- Promote positive attitudes and behaviours
- Provide guidance on changing communication practices to make them more inclusive
Communication Access UK has 4 key standards
1) Recognise every community or group will include people with different communication support needs
- Some people may require the support of a British Sign Language interpreter or a palantypist
- Some people may require information in alternative formats, for example audio or large print
- Some people may need the support of advocacy services
- Some people may have difficulty using a phone and may prefer an alternative way of communicating such as text or e mail
- Some communication needs are less obvious and other support may be required. This might include head and body language, simple gestures, photographs, drawings, or symbols
- To ensure you can provide communication accessible services, it is good practice to allow time to arrange different formats or communication support depending on the needs of your audience
2) Find out what support is required by the people you are set up to serve
- Adapt physical environment to provide a welcome
- Use symbols on signs outside and inside buildings, or to represent service on appointment cards, information leaflets and letters
- Staff training through Communication Access UK
Ensure relevant staff are trained to use the TALK prompt:
- TIME allow extra time as is required
- ASK what helps and recognise specific support needs of an individual (simplify speech, speak clearly, provide written support)
- LISTEN and check you have understood and they have understood
- KEEP TRYING and learn from mistakes
3) Take action in all communications
- Adapt physical environment to provide potential for a quiet space
- Be welcoming in manner-eye contact, hello my name is …
- Match the way you communicate to the ways people understand
- Respond positively to the different ways people express themselves
- Consider how accessible your face to face, phone and written communications (including websites) are
4) Keep Trying
Put in place:
- A public commitment to Inclusive Communication
- Basic Inclusive Communication good practice guidelines for all modes of communication
- Communication Access UK eLearning modules in all induction core staff training
- Review communication accessibility on an annual basis.
Small, simple changes to the way you communicate will make a big difference to your service delivery. Some changes may take longer, but will deliver positive outcomes, resulting in cost efficiencies and an increase in user satisfaction.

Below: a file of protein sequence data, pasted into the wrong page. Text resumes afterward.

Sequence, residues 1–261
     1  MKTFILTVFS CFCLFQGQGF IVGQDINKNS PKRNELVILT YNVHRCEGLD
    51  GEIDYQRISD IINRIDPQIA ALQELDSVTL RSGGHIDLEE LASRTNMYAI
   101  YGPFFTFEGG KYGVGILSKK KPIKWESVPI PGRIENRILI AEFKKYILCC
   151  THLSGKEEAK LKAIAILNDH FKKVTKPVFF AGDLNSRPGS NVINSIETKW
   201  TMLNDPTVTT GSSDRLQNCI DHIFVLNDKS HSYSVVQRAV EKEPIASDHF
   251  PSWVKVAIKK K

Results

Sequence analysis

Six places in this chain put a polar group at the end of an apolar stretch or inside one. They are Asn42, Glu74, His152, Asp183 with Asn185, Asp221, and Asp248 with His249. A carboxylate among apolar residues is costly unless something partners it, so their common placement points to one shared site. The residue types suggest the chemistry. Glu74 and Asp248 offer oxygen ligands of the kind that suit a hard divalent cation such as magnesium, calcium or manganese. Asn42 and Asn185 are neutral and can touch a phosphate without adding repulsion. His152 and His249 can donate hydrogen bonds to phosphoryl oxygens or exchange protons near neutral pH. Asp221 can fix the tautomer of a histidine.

Changes need to be ‘top down’ and ‘bottom up’. Changes in culture will take time.
The aim is progress not perfection!
The 10 performance indicators (based on Scottish principles of Inclusive communication)
1) Public commitment
Senior Management will give a visible and public commitment to deliver services that support inclusive communication.
2) Data collection on need
Service uses a range of data sources and statistics to show they fully understand the range of communication support needs of the people in their area.
3) Inclusive communication review
Percentage of services that have undertaken an inclusive communication review. For example, by using appropriate self-assessment frameworks and/or as part of an Equality Impact Assessment.
4) Service development
Demonstrate range of people with communication support needs for whom services have been fully adapted or where services are being developed.
5) Staff training
Percentage of all staff who have undergone specific training on recognising and responding to a wide range of communication support needs.
6) User involvement (quantitative measure)
Percentage of service development and review processes that have included people with diverse communication support needs, reflective of local area population needs.
7) User involvement (qualitative measure)
Percentage of people with communication support needs who are involved in service development and review processes satisfied with their overall input to process of change. Service must demonstrate that the method used to capture this feedback is accessible to all who should respond.
8) Matching communication to service users’ needs
Percentage of people with communication support needs who use services who agree their needs and preferences were responded to sensitively when interacting with the service. Service must demonstrate that the method used to capture this feedback is accessible to all who should respond.
9) Use of services
Percentage of people with communication support needs who access or use services, reflective of local area population.
10) Annual improvement
Year-on-year results which demonstrate improvement to meet the above.